Bamboo Review: Unscientific America
Unscientific America: How Scientific Illiteracy Threatens our Future by Chris Mooney and Sheril Kirshenbaum has been burning up the science blogging world, but I don’t think it’s gotten as much attention in the regular political blogosphere, so while a lot of what I have to say about it is redundant, I think it’s still useful because we reach a slightly different audience here than the science and skepticism blogs do. I was excited to read it, because I’m generally a fan of Mooney’s science reporting, but unfortunately, I found that I shared many of the objections to this book laid out in this review by Jason Rosenhouse.
But I’ll start with praising what I liked about the book. I’m glad that Mooney and Kirshenbaum opted out of reiterating the same debunkings of all the bad science and anti-science woo out there, from anti-vaccination crap to global warming denialism to creationism. They wanted to move onto the next step, which is looking at what can be done about the routine low opinion that Americans have of science, and their willingness to just wave off scientific information that offends their sensibilities, no matter how compelling the evidence. It’s a laudable goal, and a lot of what they talk about makes sense to me. I disagree slightly with Rosenhouse’s dismissal of anti-intellectualism as a major force for anti-science attitudes. The American hostility to smarty-pantsness is exactly what’s tapped by global warming denialists, creationists, and anti-vaxxers, and without it, their arguments wouldn’t get much of an audience. So I think Mooney and Kirshenbaum’s arguments about how science needs better P.R. make perfect sense. And they correctly identify many of the obstacles to this goal, but unfortunately, their analysis of other obstacles is just off.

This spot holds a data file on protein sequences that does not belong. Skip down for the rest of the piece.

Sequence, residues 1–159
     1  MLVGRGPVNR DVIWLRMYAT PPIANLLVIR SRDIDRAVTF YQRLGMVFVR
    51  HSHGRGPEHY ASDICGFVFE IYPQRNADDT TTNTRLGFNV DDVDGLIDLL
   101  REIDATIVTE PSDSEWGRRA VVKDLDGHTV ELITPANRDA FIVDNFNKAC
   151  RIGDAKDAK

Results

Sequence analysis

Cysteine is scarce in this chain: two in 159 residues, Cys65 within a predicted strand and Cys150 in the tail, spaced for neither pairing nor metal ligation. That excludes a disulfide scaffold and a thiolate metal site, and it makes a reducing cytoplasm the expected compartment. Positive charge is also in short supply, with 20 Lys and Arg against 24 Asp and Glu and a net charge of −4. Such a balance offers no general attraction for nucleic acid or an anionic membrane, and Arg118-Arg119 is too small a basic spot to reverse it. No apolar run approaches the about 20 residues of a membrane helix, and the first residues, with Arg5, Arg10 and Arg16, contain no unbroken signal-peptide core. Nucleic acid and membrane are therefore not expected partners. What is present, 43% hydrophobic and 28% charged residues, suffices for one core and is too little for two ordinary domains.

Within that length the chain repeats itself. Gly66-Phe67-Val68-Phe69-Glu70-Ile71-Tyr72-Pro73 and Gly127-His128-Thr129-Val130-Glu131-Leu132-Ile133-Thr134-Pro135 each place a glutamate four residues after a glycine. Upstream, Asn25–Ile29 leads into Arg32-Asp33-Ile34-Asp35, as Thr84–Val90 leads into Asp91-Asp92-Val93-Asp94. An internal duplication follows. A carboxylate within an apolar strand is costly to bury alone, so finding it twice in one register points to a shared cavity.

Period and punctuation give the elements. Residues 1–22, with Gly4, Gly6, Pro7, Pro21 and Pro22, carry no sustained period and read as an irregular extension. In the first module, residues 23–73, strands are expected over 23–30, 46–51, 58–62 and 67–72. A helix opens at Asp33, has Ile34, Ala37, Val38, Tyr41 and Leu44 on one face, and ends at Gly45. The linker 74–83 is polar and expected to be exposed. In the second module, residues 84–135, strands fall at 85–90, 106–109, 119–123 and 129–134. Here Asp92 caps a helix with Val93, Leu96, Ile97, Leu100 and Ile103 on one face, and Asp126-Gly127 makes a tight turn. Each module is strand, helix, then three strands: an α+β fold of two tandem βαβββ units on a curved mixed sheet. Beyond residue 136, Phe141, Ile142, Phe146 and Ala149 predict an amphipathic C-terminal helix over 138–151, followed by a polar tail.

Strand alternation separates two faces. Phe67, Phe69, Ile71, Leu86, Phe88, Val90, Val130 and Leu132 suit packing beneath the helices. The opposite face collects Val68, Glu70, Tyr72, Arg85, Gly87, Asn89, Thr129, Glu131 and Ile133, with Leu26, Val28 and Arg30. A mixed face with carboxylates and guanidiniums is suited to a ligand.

Let’s start with the most incendiary one—their lambasting of New Atheism. I am so sick of the argument that assumes religious people can state their beliefs as forcefully as they like and threaten non-believers with hell, but atheists have to approach the topic on our tip toes. Mooney and Kirshenbaum repeatedly state that there’s no conflict between religion and science as if it’s a fact, when at best that’s a point of strong disagreement. When people like PZ Myers—who they clearly don’t like—Richard Dawkins, or even myself say that we believe that religion and science are in conflict, we’re not speaking out of our asses. We have a legitimate argument. You may disagree, and I can see your point of view if you do, but I have a legitimate argument, too. It’s clearly a complicated issue. In general, I had trouble understanding Mooney and Kirshenbaum’s point here. At times, they just seemed to dislike the tactics that some atheists use. At other times, they were wary of atheists who use their background and understanding of science to argue, albeit forcefully, that their understanding of science has led them to conclude there cannot be a god. At one point, Dawkins is chided for making philosophical arguments based in his extensive scientific background. But to my mind, that’s why philosophy, unlike religion, is a legitimate form of discourse to create deeper understanding of the world—because it’s about rooting your arguments in the real world, often using real knowledge, instead of making up supernatural explanations. They really hated the fact that PZ Myers put a nail through a communion wafer and threw it in the trash, but to my mind, committing bold acts of heresy and showing that you didn’t get struck down by god is a pretty powerful and legitimate argument.